The response to these arguments by plaintiffs and their supporters is that these concerns are simply a parade of horribles. Both the Plaintiffs and the United States Chamber of Commerce, in its brief, address the health and safety inspection issue as unfounded. They argue that the Fourth Amendment protects the ability to conduct reasonable inspections and that the decisions, in this case, would not affect them. Numerous Amicus Curiae briefs have been filed for this case on both sides, illustrating the public interest and possible implications involved.
The Plaintiff’s Arguments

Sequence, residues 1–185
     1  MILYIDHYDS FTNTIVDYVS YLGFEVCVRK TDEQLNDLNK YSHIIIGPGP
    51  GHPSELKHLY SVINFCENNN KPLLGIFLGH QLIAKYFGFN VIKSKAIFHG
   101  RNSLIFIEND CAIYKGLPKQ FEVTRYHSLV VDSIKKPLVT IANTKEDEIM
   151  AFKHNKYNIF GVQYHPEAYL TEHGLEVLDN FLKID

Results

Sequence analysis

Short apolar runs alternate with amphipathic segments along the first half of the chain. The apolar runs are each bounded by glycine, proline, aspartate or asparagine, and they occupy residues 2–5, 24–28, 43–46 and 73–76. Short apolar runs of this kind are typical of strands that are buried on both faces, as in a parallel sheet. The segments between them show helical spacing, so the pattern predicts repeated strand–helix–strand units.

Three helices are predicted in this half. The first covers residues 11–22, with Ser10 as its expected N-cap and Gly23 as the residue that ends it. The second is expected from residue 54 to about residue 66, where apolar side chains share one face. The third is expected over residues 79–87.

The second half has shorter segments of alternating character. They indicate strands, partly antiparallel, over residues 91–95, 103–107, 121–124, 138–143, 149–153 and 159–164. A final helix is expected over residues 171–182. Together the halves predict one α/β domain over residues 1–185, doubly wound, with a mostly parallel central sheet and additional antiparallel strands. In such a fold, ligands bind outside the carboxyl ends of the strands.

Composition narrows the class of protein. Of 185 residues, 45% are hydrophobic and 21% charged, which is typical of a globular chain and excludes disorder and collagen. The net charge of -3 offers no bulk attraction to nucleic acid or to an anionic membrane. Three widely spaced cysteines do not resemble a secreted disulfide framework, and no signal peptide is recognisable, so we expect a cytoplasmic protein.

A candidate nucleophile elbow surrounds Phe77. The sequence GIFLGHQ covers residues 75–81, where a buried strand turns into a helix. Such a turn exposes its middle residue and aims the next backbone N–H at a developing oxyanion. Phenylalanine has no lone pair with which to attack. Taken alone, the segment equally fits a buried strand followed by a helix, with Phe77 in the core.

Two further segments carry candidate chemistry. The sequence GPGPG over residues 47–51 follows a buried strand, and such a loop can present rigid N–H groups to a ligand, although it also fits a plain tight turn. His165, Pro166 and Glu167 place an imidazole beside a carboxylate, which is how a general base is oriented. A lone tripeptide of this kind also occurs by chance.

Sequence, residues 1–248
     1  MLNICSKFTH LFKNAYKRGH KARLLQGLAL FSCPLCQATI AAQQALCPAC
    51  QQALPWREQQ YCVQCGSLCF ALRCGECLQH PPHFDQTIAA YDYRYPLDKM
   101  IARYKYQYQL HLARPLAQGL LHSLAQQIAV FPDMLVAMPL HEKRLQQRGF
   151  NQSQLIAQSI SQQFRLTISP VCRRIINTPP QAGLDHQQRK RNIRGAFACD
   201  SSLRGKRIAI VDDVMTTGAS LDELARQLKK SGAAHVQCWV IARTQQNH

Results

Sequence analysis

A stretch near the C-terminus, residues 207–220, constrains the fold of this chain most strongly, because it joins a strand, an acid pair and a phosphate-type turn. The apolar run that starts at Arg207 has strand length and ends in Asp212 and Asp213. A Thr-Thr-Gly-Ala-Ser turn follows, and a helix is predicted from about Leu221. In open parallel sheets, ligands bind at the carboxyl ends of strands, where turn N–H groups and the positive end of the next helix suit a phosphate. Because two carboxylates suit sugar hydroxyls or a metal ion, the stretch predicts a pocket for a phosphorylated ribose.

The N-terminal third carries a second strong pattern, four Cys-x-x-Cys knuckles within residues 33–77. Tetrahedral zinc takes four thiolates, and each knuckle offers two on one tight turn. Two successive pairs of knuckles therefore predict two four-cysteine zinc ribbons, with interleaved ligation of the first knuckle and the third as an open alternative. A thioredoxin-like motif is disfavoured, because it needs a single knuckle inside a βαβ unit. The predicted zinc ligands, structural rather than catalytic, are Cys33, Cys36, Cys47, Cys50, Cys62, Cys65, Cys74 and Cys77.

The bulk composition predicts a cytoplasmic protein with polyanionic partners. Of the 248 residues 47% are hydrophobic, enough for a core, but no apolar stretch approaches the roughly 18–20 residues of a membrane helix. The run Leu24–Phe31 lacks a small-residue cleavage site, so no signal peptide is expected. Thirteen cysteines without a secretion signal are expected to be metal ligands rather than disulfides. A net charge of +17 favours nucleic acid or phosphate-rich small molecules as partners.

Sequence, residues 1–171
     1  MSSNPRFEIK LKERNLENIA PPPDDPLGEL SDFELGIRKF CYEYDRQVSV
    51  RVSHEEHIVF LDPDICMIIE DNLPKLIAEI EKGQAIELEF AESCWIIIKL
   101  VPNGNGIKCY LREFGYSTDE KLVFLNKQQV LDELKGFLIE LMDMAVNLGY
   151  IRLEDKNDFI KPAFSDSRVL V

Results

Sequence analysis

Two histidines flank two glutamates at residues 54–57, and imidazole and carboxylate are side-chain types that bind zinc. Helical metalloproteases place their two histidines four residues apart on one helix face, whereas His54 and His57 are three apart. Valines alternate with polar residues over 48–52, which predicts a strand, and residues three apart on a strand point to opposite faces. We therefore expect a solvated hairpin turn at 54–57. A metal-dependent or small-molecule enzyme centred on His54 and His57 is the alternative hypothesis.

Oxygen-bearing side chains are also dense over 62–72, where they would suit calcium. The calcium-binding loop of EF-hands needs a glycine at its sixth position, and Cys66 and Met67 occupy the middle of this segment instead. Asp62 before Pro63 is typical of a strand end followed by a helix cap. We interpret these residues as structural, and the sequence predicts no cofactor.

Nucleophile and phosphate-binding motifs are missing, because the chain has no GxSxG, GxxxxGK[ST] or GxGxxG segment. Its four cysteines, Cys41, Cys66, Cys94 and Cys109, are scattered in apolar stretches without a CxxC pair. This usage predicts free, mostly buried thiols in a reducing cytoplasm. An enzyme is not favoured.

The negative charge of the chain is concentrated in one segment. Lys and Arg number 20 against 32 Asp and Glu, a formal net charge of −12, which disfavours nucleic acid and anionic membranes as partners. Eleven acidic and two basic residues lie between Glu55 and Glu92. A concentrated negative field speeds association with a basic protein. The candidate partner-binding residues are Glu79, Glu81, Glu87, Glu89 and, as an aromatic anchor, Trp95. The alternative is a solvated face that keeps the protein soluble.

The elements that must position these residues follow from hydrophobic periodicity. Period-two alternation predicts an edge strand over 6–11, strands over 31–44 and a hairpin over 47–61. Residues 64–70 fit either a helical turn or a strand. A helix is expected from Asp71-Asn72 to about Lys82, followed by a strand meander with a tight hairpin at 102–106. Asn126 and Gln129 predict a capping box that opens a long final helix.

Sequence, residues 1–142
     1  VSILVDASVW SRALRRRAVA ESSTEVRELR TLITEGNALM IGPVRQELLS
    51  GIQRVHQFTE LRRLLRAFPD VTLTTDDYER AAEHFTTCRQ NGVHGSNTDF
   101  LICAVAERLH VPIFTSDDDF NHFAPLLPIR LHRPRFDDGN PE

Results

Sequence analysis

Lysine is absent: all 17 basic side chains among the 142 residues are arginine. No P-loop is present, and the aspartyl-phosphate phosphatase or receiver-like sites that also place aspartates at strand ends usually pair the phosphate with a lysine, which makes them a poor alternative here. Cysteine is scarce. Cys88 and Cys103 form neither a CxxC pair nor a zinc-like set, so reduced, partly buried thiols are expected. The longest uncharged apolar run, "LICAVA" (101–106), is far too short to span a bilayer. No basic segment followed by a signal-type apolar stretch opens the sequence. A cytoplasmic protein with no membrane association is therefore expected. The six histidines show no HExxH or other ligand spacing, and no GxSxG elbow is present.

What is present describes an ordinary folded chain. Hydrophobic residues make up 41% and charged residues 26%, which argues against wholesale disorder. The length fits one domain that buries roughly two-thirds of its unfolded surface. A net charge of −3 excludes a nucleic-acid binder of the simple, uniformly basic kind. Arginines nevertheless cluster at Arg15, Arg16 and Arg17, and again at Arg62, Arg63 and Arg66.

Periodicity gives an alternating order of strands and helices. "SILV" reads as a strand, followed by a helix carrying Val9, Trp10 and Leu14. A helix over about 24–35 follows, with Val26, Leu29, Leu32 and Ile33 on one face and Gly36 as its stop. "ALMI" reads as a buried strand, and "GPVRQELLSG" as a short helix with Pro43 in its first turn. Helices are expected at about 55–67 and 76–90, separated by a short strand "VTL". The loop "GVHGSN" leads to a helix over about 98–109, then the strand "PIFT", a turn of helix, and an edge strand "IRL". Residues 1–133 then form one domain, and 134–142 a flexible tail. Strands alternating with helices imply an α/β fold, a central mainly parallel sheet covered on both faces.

The Plaintiffs, the agricultural growers, argue that the regulation constitutes a per se “taking.” which infringes on their fundamental “right to exclude unwanted persons” from their private property. They argue that the regulation at issue creates an easement by allowing the unions access and is thus a per se “taking.” Notably, the attorneys have chosen to forgo an argument that there is a “regulatory taking” here. Historically, The Court has held few regulatory “takings” cases as running afoul to the Fifth Amendment. Past easements considered by the court have been permanently in place for the life of the regulation in question and not limited to specific times. Plaintiffs state that the easement here, is still a taking of property even if it is time-limited because the right to exclude is a fundamental property right. Plaintiffs advocate for a rule in which the scope of the easement would only apply in determining the compensation owed and not whether there was a “taking.” Additionally, the plaintiffs note that the Board created the regulation at a time when many agricultural workers lived on the farms where they worked and could not communicate with the outside world. The regulation, they argue, is not narrowly tailored as would be required under the heightened scrutiny of a fundamental right.They argue that the regulation places broad restrictions on the right because it requires all agricultural growers to allow this access regardless of whether the workers live on the land and despite other means of communication.